Robots in K-12 Education: A New Technology for Learning
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Robots in K-12 Education: A New Technology for Learning

Bradley S. Barker (University of Nebraska – Lincoln, USA), Gwen Nugent (University of Nebraska-Lincoln, USA), Neal Grandgenett (University of Nebraska-Omaha, USA) and Viacheslav I. Adamchuk (McGill University, USA)
Release Date: February, 2012|Copyright: © 2012 |Pages: 402
DOI: 10.4018/978-1-4666-0182-6
ISBN13: 9781466601826|ISBN10: 1466601825|EISBN13: 9781466601833
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Description & Coverage
Description:

Educational robotics provides students with a learning environment that has the potential to successfully integrate concepts within science, technology, engineering, and mathematics (STEM) into K12 learning environments in class, after school, or for robotics competitions.

Robots in K-12 Education: A New Technology for Learning explores the theory and practice of educational robotics in the K-12 formal and informal educational settings, providing empirical research supporting the use of robotics for STEM learning. An essential resource for STEM educators, the book explores processes and strategies for developing and implementing robotics-based programs and documents the impact of educational robotics on youth learning by presenting research-based descriptions of robotics technologies and programs, as well as illustrative examples of learning activities, lessons, and assessments.

Coverage:

The many academic areas covered in this publication include, but are not limited to:

  • Constructionist Learning Methodologies
  • Educational Robotics
  • Hardware and Software for Robotics
  • Innovation in Formal and Informal Educational Environments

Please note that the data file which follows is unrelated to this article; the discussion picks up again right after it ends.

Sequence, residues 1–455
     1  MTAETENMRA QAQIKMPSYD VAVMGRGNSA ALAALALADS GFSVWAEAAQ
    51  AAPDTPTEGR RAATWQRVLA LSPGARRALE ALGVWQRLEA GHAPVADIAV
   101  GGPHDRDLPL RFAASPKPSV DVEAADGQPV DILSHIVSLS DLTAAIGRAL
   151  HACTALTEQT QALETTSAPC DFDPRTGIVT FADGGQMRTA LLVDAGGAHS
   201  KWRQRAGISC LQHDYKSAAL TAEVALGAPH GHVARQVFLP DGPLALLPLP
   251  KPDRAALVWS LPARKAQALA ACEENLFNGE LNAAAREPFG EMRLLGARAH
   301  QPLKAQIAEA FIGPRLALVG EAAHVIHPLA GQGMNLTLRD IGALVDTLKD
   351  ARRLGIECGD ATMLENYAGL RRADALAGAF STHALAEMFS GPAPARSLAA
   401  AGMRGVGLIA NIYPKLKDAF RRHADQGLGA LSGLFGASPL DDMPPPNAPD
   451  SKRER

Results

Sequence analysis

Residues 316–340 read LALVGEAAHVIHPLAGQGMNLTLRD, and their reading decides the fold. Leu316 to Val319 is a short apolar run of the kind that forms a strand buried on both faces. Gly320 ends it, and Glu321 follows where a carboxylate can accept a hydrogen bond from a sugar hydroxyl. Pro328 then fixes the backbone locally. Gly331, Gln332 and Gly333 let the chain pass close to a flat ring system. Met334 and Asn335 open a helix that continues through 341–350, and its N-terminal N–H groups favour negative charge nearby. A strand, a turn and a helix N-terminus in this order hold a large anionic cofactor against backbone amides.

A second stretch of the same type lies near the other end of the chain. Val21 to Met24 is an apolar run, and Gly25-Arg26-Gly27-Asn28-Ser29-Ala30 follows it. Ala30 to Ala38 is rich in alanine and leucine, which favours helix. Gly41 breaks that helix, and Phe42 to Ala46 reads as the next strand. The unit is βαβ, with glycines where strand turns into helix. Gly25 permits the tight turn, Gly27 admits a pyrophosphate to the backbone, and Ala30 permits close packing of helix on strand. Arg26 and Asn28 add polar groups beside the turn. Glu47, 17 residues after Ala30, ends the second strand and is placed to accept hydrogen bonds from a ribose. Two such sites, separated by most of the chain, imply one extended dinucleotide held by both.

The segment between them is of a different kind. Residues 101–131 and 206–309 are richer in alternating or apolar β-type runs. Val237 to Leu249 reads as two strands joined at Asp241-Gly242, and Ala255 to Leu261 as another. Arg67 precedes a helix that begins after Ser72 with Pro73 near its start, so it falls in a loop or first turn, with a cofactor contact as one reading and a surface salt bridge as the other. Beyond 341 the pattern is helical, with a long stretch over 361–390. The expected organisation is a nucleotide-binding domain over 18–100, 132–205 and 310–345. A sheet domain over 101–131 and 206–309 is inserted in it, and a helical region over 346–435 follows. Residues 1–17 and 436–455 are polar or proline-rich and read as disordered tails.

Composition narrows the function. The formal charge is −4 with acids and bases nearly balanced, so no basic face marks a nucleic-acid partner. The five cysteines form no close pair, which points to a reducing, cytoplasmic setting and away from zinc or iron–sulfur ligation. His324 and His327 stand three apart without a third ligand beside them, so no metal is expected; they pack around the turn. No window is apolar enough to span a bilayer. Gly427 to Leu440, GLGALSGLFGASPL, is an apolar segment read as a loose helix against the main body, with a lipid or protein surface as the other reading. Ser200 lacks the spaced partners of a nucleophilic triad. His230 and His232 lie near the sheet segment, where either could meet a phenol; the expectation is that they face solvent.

• Medibotics
  • Project-Based Learning with Robotics
  • Robotics Competitions
  • Robotics Outreach Programs
  • Theories for Educational Robotics
  • Virtual Robotics
Reviews and Testimonials

I believe that [this book] will help to serve as a pathfinder for students and educators alike, providing some of the basics of robotic theory and ways to capture the interest of and generate excitement for those in the learning environment through the use of formal, informal (outside of the classroom), and competitive robotic educational genres. Further, it provides information and discussions for determining methods of measurement regarding our ability to change the way we learn, and the associated attitudes amidst a developing workforce.

– Clayton C. Anderson, United States Astronaut

Organized into four sections, the work begins with theoretical and instructional perspectives on the use of robots in K-12 education, including how robotics works and how to measure the impact, as well as STEM (science, technology, engineering, and mathematics) career skills that can be developed through effective use. [...] This is valuable to any academic collection, from kindergarten through college, where robotics might be considered for use in the curriculum or as an extracurricular activity.

– Sara Marcus, American Reference Books Annual
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Editor/Author Biographies